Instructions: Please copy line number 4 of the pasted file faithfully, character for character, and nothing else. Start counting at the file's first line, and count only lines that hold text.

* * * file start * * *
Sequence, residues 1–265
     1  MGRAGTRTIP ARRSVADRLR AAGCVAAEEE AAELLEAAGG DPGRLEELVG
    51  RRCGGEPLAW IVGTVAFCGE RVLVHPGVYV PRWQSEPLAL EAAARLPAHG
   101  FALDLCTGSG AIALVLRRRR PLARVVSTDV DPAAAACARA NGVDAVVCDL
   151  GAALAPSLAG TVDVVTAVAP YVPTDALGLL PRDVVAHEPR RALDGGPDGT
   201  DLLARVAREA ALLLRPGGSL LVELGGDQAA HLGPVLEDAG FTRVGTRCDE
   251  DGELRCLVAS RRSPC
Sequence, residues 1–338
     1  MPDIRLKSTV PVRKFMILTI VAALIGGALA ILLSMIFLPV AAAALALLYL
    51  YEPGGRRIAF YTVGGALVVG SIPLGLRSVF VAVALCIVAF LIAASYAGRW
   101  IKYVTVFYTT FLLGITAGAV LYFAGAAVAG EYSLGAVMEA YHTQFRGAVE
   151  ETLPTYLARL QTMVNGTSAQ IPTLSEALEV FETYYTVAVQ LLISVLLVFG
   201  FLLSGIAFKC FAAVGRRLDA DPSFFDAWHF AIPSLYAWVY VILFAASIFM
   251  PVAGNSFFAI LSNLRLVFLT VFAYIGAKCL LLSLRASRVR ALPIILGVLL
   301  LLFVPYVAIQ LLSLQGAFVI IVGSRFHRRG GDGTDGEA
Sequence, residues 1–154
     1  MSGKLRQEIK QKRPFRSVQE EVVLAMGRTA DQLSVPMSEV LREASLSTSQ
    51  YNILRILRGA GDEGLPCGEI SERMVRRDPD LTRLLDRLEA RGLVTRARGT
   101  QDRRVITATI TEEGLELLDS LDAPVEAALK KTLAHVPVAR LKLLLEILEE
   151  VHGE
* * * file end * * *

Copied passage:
   101  FALDLCTGSG AIALVLRRRR PLARVVSTDV DPAAAACARA NGVDAVVCDL